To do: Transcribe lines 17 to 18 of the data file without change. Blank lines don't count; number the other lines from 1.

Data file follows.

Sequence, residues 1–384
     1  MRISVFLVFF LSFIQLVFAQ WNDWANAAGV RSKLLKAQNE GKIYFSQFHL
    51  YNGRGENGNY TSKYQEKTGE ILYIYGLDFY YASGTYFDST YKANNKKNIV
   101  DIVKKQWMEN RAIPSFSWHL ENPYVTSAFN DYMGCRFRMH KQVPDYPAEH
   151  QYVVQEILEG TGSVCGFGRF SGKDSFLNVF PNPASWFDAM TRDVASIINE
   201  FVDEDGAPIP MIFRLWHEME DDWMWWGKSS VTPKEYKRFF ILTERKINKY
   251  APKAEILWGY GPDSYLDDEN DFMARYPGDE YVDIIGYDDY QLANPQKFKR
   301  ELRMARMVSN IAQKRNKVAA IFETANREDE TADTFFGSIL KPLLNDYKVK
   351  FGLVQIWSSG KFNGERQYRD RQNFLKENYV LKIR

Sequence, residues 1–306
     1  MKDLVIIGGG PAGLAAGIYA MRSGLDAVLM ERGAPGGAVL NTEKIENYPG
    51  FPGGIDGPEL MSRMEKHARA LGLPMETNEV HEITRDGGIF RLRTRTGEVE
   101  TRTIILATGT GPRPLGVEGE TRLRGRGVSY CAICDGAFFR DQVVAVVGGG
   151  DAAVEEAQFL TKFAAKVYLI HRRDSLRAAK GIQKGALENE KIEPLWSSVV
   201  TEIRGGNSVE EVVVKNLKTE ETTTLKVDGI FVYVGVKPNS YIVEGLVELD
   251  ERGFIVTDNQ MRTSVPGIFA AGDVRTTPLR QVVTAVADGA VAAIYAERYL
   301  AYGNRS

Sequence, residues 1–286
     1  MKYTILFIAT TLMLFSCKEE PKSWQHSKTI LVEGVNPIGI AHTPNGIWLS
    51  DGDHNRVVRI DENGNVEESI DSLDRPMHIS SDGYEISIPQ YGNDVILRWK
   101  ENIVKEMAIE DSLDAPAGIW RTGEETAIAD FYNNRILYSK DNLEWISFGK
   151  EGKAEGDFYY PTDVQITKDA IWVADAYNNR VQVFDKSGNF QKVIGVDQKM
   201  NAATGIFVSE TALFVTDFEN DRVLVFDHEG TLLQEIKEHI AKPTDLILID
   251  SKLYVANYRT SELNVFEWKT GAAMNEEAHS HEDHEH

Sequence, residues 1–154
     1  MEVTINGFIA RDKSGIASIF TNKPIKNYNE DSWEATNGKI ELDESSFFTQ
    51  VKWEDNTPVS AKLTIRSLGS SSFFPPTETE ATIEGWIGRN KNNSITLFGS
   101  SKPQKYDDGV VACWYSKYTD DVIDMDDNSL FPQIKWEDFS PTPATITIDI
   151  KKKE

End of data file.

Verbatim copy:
   301  AYGNRS

Sequence, residues 1–286